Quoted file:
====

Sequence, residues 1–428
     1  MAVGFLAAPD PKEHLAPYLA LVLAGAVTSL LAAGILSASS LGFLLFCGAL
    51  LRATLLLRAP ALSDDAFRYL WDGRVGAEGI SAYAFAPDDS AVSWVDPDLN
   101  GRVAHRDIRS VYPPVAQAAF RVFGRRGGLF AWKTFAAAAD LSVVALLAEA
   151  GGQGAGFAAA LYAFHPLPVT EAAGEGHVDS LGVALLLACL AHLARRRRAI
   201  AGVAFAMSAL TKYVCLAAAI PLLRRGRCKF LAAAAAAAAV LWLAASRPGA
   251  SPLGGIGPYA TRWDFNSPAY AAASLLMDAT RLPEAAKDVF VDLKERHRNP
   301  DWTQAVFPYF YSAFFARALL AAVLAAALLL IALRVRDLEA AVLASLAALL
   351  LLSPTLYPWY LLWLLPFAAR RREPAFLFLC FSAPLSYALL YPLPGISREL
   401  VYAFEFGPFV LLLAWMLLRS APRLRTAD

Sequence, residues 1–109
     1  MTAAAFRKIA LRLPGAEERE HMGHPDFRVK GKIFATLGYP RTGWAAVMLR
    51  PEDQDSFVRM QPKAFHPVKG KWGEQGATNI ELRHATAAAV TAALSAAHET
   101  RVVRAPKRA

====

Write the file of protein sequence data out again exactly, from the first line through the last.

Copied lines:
Sequence, residues 1–428
     1  MAVGFLAAPD PKEHLAPYLA LVLAGAVTSL LAAGILSASS LGFLLFCGAL
    51  LRATLLLRAP ALSDDAFRYL WDGRVGAEGI SAYAFAPDDS AVSWVDPDLN
   101  GRVAHRDIRS VYPPVAQAAF RVFGRRGGLF AWKTFAAAAD LSVVALLAEA
   151  GGQGAGFAAA LYAFHPLPVT EAAGEGHVDS LGVALLLACL AHLARRRRAI
   201  AGVAFAMSAL TKYVCLAAAI PLLRRGRCKF LAAAAAAAAV LWLAASRPGA
   251  SPLGGIGPYA TRWDFNSPAY AAASLLMDAT RLPEAAKDVF VDLKERHRNP
   301  DWTQAVFPYF YSAFFARALL AAVLAAALLL IALRVRDLEA AVLASLAALL
   351  LLSPTLYPWY LLWLLPFAAR RREPAFLFLC FSAPLSYALL YPLPGISREL
   401  VYAFEFGPFV LLLAWMLLRS APRLRTAD

Sequence, residues 1–109
     1  MTAAAFRKIA LRLPGAEERE HMGHPDFRVK GKIFATLGYP RTGWAAVMLR
    51  PEDQDSFVRM QPKAFHPVKG KWGEQGATNI ELRHATAAAV TAALSAAHET
   101  RVVRAPKRA